Niger’s military is set to vote in a referendum on President Mamadou Tandja’s bid to serve a third term.
The government says the soldiers are voting early so they can ensure the safety of the rest of the people, who will go to the polls on Tuesday.
Earlier, opposition groups reiterated they would boycott the vote, which they have described a coup d’etat.
Mr Tandja has recently dissolved parliament and the constitutional court to push through his referendum plan.
He says the people of Niger want him to stay in power, and his actions reflect their will.
But his efforts have caused widespread protests in Niger and sparked international condemnation.
Reports from the country said huge posters of Mr Tandja were plastered throughout the capital, Niamey, and other main cities.
Mr Tandja’s backers say he has reduced poverty
State media has been calling on voters to say "yes" to changing the constitution so the 71-year-old president can stay in office.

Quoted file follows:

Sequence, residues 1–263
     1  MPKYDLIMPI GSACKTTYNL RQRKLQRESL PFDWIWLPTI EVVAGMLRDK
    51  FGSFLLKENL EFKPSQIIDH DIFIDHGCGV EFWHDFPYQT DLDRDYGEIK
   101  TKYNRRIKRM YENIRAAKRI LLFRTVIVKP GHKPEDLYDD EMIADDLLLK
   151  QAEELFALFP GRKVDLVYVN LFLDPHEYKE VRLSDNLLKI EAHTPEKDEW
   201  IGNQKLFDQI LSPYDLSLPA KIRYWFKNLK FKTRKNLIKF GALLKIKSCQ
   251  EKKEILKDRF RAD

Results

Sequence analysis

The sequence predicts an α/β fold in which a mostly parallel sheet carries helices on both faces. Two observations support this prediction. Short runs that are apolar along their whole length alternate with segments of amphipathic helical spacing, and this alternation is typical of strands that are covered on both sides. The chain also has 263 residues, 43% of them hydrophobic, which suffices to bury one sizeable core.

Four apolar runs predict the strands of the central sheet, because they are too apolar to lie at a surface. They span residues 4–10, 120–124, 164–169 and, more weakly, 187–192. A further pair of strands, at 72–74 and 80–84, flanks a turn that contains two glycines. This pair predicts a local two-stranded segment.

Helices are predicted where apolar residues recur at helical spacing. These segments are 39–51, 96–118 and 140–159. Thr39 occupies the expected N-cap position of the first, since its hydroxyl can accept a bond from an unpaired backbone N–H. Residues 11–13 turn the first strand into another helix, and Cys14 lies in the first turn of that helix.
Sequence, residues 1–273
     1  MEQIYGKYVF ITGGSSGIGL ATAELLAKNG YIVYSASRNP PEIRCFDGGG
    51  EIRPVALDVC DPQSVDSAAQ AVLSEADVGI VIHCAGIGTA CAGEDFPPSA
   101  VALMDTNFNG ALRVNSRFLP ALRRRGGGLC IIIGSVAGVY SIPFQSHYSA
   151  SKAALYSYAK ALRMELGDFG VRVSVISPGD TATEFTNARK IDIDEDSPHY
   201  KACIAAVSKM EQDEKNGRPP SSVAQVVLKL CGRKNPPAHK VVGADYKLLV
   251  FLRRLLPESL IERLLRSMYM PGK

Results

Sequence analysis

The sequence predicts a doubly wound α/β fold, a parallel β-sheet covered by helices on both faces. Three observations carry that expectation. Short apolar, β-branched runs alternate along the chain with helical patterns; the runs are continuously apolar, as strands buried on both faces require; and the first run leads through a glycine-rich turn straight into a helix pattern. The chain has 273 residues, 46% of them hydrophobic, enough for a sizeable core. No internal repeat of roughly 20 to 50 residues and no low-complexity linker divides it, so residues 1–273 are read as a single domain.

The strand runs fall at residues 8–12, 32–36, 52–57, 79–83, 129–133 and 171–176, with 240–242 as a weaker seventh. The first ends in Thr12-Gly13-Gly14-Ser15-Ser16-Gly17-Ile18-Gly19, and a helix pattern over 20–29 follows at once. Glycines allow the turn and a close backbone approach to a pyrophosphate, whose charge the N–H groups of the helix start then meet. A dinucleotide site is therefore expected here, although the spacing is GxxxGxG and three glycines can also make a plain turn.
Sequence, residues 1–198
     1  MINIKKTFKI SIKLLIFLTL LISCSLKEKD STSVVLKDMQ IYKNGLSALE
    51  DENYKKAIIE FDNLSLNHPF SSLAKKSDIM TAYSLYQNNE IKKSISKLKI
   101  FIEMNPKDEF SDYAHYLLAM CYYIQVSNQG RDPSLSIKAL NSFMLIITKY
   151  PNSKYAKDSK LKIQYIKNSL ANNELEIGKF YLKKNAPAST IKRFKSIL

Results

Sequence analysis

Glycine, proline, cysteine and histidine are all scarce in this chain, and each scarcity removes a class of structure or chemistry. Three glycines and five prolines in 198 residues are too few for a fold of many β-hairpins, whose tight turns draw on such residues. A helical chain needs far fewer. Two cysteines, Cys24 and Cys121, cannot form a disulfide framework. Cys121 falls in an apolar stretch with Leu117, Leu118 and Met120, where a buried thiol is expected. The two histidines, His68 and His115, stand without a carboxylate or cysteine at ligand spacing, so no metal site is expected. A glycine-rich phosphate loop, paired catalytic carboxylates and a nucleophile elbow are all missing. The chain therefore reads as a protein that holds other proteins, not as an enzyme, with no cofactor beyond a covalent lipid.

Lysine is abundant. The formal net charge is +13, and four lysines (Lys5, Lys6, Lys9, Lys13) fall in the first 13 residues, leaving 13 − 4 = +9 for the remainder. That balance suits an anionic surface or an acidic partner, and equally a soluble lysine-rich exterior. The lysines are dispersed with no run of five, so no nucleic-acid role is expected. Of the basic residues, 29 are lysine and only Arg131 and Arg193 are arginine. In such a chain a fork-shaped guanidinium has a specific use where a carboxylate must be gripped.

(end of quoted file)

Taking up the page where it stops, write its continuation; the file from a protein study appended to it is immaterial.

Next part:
The move would allow him an initial three-year term, and then he would be able to run for re-election with no term limits.
The AFP news agency reported that opposition leader Mahamadou Issoufou launched a final appeal on Sunday for "mobilisation to cause the illegal referendum to fail".
Speaking for the blanket group Co-ordination of Democratic Forces for the Republic (CFDR), he said: "Our duty as citizens is to defend the current constitution."
Mr Tandja was first elected in 1999, and then again five years later.
He had previously promised to quit in December this year, a month after presidential elections are due to be held.
But the president’s supporters argue he should be allowed a third term, saying he has improved living standards in one of the world’s poorest countries in the country in the 10 years he has been in power.